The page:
As President Barack Obama and GOP nominee Mitt Romney closed out the last of their three presidential debates Monday night, candidates representing the Libertarian, Green, Constitution, and Justice parties are set to participate in a Third Party Debate tonight moderated by former CNN anchor Larry King.
Libertarian Party candidate Gary Johnson, Green Party candidate Jill Stein, Constitution Party candidate Virgil Goode, and Justice Party candidate Rocky Anderson have confirmed their participation in tonight's event, according to the Free and Equal Elections Foundation (FEEF).
The Third Party Debate, organized by the FEEF, takes place at 9 p.m. EDT at the Hilton Chicago and will be carried live by several news outlets, minus the major networks such as CNN, MSNBC or Fox News. In addition to being broadcast live on television by C-SPAN, Al Jazeera English, and Russia Today, the FEEF, Ora TV and Link TV will stream the debate as it happens on the Internet.
"The Free and Equal Elections Foundation has assembled a diverse group of ballot-qualified candidates in order to offer a truly multi-partisan debate for American voters. With sponsoring organizations spanning the ideological spectrum from The Nation to The American Conservative, it is clear that both the left and right in this country agree that the two-party system is broken. Free and Equal's debate will be the type of open, honest, and solutions oriented discussion that the American people deserve," the organization said in a statement on its website.
The nonprofit organization said that it was honored to have Larry King moderate the debate, an event the FEEF calls "historic".
"The previous debates between President Obama and Governor Romney have failed to address the issues that really concern everyday Americans. From foreign policy, to the economy, to taboo subjects like our diminishing civil liberties and the drug war, Americans deserve a real debate, real solutions, and real electoral options," added Christina Tobin, Founder and Chair of the Free and Equal Elections Foundation.
King, who hosts the talk show "Larry King Now" on Hulu.com, called Tuesday night's moderating job exciting and said he appreciated the platform the FEEF was providing candidates.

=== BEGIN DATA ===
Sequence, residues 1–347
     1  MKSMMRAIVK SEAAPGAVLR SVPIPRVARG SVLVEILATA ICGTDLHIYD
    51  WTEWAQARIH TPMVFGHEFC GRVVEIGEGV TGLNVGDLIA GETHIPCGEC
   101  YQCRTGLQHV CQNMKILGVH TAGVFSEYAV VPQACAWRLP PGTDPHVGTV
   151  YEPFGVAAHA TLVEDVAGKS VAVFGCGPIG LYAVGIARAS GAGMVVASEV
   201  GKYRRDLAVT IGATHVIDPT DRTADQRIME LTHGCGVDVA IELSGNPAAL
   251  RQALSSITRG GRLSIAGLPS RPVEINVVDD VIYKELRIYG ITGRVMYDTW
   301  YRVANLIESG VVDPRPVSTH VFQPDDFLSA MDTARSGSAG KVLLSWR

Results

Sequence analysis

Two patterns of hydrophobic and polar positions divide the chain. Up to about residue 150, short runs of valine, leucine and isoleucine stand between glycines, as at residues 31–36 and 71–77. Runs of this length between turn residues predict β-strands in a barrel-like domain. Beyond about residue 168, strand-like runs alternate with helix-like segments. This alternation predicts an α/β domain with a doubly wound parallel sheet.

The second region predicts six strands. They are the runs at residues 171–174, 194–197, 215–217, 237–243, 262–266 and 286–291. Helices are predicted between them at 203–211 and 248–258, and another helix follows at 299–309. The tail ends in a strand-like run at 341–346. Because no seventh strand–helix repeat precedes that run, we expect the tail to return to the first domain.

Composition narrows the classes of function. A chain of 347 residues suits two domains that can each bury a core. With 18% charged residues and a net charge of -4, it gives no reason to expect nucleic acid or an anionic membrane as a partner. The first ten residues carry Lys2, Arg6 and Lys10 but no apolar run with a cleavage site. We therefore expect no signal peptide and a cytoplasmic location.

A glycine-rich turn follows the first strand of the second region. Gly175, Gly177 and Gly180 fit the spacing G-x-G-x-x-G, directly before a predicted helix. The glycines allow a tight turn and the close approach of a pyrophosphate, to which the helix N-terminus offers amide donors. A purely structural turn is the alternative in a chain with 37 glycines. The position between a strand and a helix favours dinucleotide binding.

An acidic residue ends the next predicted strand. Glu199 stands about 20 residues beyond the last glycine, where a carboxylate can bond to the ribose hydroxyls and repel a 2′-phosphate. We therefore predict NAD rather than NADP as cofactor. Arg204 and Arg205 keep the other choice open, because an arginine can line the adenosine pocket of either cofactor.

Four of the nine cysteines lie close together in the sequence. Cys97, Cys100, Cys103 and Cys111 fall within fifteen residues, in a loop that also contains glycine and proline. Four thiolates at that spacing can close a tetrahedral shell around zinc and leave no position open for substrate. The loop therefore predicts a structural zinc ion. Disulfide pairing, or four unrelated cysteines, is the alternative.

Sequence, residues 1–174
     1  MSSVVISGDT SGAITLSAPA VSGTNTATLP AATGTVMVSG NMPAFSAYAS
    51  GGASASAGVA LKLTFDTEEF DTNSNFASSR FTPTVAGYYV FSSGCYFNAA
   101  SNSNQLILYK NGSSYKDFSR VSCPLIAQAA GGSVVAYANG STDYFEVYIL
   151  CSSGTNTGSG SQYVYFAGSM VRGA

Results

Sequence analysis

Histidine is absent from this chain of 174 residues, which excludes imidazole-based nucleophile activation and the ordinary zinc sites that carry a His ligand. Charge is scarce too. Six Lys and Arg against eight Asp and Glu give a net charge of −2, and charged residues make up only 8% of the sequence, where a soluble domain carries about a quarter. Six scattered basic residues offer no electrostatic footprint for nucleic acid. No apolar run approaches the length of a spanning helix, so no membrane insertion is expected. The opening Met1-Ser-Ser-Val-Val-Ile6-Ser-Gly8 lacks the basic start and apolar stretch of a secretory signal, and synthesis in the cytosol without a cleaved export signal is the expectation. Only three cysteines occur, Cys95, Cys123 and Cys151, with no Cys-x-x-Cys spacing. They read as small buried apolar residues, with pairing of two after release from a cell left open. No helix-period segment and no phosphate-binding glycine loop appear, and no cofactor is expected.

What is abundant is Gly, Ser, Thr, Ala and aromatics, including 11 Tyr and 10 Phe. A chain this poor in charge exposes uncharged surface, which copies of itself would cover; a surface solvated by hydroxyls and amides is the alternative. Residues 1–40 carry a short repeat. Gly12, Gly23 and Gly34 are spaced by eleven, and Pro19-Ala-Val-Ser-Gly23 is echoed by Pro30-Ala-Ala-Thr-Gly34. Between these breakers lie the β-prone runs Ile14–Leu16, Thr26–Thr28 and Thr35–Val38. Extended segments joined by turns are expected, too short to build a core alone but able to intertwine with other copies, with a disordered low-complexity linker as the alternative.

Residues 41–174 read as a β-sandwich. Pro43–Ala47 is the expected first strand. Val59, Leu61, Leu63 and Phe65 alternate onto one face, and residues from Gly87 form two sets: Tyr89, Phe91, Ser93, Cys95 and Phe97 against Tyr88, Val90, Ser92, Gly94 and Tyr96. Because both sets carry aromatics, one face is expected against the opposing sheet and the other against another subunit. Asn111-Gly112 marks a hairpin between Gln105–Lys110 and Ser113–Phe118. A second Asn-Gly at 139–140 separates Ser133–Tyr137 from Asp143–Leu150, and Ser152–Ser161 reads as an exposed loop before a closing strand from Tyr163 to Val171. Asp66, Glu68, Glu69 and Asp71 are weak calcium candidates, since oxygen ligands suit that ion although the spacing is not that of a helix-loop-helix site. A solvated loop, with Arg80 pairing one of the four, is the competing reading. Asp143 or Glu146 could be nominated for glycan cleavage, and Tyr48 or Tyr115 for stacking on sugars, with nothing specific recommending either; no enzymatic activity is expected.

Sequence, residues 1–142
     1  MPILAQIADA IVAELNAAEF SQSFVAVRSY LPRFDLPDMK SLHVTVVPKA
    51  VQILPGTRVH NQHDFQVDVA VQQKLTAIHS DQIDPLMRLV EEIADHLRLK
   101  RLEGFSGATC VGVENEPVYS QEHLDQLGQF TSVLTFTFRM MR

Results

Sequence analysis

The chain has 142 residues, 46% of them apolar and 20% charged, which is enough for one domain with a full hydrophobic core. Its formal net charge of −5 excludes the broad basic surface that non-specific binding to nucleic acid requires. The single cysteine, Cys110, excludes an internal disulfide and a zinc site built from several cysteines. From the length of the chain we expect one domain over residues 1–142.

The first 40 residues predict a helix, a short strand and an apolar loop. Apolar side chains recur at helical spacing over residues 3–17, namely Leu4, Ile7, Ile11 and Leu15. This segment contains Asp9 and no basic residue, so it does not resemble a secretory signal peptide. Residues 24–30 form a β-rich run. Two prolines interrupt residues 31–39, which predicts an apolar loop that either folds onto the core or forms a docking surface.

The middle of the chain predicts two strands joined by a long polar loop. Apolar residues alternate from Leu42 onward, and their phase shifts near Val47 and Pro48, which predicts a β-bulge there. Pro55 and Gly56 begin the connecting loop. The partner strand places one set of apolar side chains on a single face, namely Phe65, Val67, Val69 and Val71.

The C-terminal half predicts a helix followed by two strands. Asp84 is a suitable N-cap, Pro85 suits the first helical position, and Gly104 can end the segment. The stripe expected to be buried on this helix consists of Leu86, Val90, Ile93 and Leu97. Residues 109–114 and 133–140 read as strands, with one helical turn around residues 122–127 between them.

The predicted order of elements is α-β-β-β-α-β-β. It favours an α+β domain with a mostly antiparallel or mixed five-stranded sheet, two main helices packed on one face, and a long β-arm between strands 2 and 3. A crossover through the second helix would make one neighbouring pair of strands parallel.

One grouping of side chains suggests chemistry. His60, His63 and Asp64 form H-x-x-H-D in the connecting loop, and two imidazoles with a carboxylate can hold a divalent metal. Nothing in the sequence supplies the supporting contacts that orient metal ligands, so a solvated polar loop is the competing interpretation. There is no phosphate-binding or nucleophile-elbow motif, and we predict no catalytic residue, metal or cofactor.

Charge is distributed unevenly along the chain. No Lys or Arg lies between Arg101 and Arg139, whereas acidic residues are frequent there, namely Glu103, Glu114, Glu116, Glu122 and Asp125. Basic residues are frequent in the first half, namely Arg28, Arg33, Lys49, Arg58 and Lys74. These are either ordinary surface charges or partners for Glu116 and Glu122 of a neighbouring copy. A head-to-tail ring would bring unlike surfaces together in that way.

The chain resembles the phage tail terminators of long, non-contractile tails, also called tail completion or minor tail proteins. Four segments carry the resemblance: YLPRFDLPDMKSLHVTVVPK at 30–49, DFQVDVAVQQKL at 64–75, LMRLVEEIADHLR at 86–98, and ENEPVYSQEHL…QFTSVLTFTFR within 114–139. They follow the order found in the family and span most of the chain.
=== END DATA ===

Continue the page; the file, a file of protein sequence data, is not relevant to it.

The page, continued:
"I have interviewed every U.S. President since Nixon, and lest people forget, I helped usher Ross Perot into the national conversation during the 1992 presidential contest. I appreciate the importance of providing a platform to those with real alternative visions for our country's future," the former CNN host said in a press release.
Although King has shared that he will not be voting for an independent candidate and that it was "obvious they're not going to win," he still believes it's vital that contenders have a platform to address the American people.
Among the four independent candidates appearing Tuesday night, the Libertarian Party's Gary Johnson is the only one who appears on ballots in nearly all 50 states – a feat that King said should have secured the candidate a spot in the three presidential debates with Obama and Romney.
"I would say if you're on the ballot in 40 states, you should be in the debates. And Gary Johnson is, and therefore in my opinion he should have been in these debates. You're on the ballot in 40 states, absolutely," the veteran journalist told Politico in a report published Monday.
King conceded, however, that logistics would be difficult for any network providing a debate platform for every single candidate vying for the presidency.
Johnson had unsuccessfully filed a complaint against the Commission on Presidential Debates in federal court requesting that the commission be forced to included him in the debate.
According to Politico, Johnson's name will be on the ballot in 47 states. The Washington Post suggests that the candidate is a threat to the "Obama-Romney matchup" in Colorado, New Hampshire and Nevada, battleground states "where Johnson could prove a nuisance to his major party competition."
In a report examining the question of whether the Commission on Presidential Debates is unfair to third parties, author and Open Debates Executive Director George Farrah told CBS News that third parties "have played a critical role in raising issues that are critical to the conversation in this country."
"When you exclude them from the debate, you have a sort of ideological containment," he added.
"None of the four candidates are strangers to politics," The Washington Post notes. "Johnson served two terms as governor of New Mexico and pursued the Republican presidential nomination in 2011 before opting for the Libertarian nod. Goode represented a central Virginia district in Congress as a Democrat, independent, and Republican. Anderson was the mayor of Salt Lake City, Utah, while Stein ran against Romney in the 2002 Massachusetts governor's race."
Viewers of Tuesday night's first Third Pary Debate will determine through instant runoff voting online which two of the four candidates will face each other in the second debate, scheduled for Oct. 30 in Washington, D.C.
The Free and Equal Elections Foundation is a nonprofit whose goal is to "give every candidate a fair chance at winning their respective elections, but more importantly, allow voters to vote for a candidate that best represents their values and beliefs."
Viewers can tune into www.freeandequal.org/live Tuesday night to watch the Third Party Debate live online. The FEEF has invited voters to submit questions for the candidates through its website at: http://action.freeandequal.org/ask-a-question.